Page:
Mary Wilke: Say no to expanding the school voucher program
Mary Wilke is a retired teacher in New Hampshire, where a school voucher program is becoming more and more costly.
In its first 18 months of operation, New Hampshire’s school voucher program has spent $22.8 million, which is $19.4 million more than was budgeted. To date, there has been no independent assessment of this publicly funded program, its impact on students, or how it is being administered.
Yet surprisingly, some New Hampshire legislators are pushing bills that would significantly expand it by loosening its eligibility requirements.
Many questions need to be answered before even continuing, much less expanding, this program. First and foremost: Are the students using vouchers (also known as “Education Freedom Accounts”) actually being well served? Are they making adequate academic progress? What data do we have to assess this?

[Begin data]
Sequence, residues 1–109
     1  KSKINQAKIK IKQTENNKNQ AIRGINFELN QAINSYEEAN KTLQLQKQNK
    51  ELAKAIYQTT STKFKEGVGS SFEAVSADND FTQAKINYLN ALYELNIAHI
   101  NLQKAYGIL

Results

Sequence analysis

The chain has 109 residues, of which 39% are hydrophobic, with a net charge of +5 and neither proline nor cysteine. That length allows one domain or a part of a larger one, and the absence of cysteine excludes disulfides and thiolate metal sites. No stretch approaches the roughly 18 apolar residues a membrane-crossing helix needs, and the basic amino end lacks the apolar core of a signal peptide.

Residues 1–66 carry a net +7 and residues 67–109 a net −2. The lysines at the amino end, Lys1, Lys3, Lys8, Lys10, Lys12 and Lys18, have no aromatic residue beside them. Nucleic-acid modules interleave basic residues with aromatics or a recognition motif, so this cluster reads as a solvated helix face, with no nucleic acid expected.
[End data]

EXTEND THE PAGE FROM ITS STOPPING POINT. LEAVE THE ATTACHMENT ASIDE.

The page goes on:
Another critical question is whether the money spent on vouchers has been used appropriately. On average, eligible families can access about $4,800 per child each year to help pay for private school tuition or for education-related expenses of homeschooling. A private scholarship organization, Children’s Scholarship Fund, is paid to decide whether parents’ requests for reimbursement are within the law’s guidelines and to distribute the money accordingly.
Before expanding the program, shouldn’t someone review whether it’s making these judgments correctly? Especially since every time the organization approves a parental request, it gets to keep 10% of the approved amount?
Why is accountability only a concern for public schools, not for voucher programs? Read the full op-ed here.